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Happy Fish met with overwhelming popularity

Peoria loves Happy Fish Sushi.
The city loves it so much, the restaurant is closed for a few days to regroup after a stellar opening weekend.
Head chef and owner Allen Sickles said the response to the new CampusTown restaurant was incredible, with a packed house at 5 p.m. on Tuesday.
“Not even the Olive Garden is full at that time on a Tuesday,” he said. “I couldn’t even fathom the volume.”

Sickles got his sushi start working at Sushi Gawa in Peoria. Later, he moved to Chicago where he cooked at the Fairmont Hotel, then attended culinary school before moving to Houston and working as a chef there. All in all, he’s been a chef for about eight years and a professional sushi chef for about four.
His mission is to “bring the city into a small city” by introducing high-quality sushi with strong flavors to an area that he says is used to “bland” tastes.
“The sushi is different in Houston,” he said. “There’s more flavor, people are more friendly to spicy stuff.”
Happy Fish will concentrate on high-quality ingredients while keeping costs low enough for students’ wallets.
Fish is flown in overnight, which means operating costs are “outrageously expensive,” Sickles said. But that’s the price he pays to ensure customers are happy.
“I want every customer to walk out of here ecstatic,” he said. “I don’t mind sacrificing some profit for good food.”
Senior organizational communication and business management major Shantaye Wonzer is a server at the restaurant and said its proximity and prices will make it a student favorite.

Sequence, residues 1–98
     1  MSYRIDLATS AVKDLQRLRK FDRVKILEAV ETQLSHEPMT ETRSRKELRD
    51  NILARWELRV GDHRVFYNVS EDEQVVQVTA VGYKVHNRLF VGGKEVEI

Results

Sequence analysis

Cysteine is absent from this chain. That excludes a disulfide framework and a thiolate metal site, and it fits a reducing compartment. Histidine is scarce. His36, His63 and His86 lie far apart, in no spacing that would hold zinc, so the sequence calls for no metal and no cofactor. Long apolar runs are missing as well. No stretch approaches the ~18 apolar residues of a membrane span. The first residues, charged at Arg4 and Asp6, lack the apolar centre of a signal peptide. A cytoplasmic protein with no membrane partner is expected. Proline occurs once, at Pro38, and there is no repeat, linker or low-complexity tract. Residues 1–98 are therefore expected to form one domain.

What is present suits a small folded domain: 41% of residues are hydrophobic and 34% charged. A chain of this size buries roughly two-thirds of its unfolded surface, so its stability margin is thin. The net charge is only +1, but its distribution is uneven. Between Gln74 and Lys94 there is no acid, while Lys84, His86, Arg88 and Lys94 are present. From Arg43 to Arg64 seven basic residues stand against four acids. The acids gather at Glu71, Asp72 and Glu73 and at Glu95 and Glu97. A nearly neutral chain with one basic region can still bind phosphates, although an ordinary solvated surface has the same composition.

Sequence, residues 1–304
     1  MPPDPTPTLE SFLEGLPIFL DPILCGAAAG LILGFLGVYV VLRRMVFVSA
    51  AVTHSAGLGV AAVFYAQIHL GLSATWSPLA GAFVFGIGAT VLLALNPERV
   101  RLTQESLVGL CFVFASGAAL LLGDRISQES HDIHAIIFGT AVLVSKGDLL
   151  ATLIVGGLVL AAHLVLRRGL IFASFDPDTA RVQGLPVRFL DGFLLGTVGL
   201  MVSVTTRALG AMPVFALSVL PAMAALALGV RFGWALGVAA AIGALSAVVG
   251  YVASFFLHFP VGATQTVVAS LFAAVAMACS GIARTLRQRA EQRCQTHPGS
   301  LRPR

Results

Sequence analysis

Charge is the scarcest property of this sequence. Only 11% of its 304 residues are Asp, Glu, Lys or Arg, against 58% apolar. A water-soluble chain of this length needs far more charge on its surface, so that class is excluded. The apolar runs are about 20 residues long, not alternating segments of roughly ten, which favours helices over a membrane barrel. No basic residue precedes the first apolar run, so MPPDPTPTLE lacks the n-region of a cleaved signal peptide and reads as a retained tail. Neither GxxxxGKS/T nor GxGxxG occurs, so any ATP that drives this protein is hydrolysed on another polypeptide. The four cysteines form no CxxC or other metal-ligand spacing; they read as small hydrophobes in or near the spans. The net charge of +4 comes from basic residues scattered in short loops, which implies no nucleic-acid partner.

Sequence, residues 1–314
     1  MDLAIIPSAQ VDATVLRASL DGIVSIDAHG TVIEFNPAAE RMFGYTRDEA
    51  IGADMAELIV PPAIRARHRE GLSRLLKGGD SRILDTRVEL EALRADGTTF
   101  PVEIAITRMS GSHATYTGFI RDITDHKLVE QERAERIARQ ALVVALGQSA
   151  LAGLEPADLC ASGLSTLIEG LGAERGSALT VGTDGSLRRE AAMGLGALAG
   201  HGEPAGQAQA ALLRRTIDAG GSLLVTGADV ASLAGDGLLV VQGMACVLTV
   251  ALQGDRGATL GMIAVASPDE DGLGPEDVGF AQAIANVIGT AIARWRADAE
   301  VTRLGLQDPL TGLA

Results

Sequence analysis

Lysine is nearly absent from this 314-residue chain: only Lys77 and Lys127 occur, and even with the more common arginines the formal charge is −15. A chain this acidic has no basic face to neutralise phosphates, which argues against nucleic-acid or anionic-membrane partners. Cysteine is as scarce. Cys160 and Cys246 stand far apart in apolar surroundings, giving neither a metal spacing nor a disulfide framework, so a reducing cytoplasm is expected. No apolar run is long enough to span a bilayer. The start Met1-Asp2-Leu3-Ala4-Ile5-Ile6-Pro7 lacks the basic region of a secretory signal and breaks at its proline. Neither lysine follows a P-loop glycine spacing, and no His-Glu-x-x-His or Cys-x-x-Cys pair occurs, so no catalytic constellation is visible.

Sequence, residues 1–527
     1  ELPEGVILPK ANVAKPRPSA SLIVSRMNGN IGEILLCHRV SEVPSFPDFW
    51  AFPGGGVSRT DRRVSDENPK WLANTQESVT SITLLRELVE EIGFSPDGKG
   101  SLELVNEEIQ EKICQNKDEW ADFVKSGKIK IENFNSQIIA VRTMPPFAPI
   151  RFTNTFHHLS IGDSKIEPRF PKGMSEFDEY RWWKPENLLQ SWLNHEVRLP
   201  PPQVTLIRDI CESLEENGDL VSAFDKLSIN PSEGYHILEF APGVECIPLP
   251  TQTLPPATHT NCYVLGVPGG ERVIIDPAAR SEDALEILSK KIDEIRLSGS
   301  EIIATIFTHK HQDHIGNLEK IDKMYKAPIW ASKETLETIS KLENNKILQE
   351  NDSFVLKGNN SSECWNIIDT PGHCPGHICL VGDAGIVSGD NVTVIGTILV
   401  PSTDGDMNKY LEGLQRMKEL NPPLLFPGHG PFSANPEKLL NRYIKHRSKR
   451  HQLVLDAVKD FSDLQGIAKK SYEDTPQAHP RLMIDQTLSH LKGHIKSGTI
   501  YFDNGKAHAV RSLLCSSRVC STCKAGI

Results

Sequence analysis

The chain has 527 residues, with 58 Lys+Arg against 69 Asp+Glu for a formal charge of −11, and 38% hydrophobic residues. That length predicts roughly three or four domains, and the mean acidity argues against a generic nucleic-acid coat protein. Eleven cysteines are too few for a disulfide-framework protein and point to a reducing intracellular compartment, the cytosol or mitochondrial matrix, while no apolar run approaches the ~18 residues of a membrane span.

“Having this right across the street, it’s going to be a great place to just come in and grab a quick roll between classes,” she said. “You can go to Center Court and get a sandwich, chips and a drink for $7, or you can come here and get a fresh sushi roll for $4 to $6, and it’s a lot healthier and yummier.” 
Prices for traditional rolls, including the California Roll, Tuna Roll and Salmon Roll are $4. Special rolls range from $5 to $10, and the restaurant’s Crab Rangoon, the “best in the city,” according to Sickles, is $5.
The restaurant will introduce unique and exotic flavors while still keeping the food “American-friendly,” he said. This is evident in the Bradley Roll, tuna and cream cheese that’s been fried and served with spicy aioli and unagi sauce.
The restaurant also serves tempura ice cream – red bean or green tea ice cream, frozen rock-solid then battered and fried.
Sickles said he also hopes to bring hot pots to the menu. The dish includes a small gas burner brought to the table, with a pot filled with boiling broth. Guests get a variety of ingredients, such as veggies, shrimp, chicken or beef, to cook in the broth, then eat in a bowl of their own soup. Sickles likened the dish to fondue.
“I’m passionate about what I do and everything I make is tricky,” he said, which is why Happy Fish is seeking to train another sushi chef, a process which takes about six months. Until then, Sickles will continue to turn out high-quality ingredients in unique dishes.
And if you don’t like sushi, don’t worry.
“If there’s nothing on the menu you like, I’ll make you something,” he said. “We focus on making people happy.”
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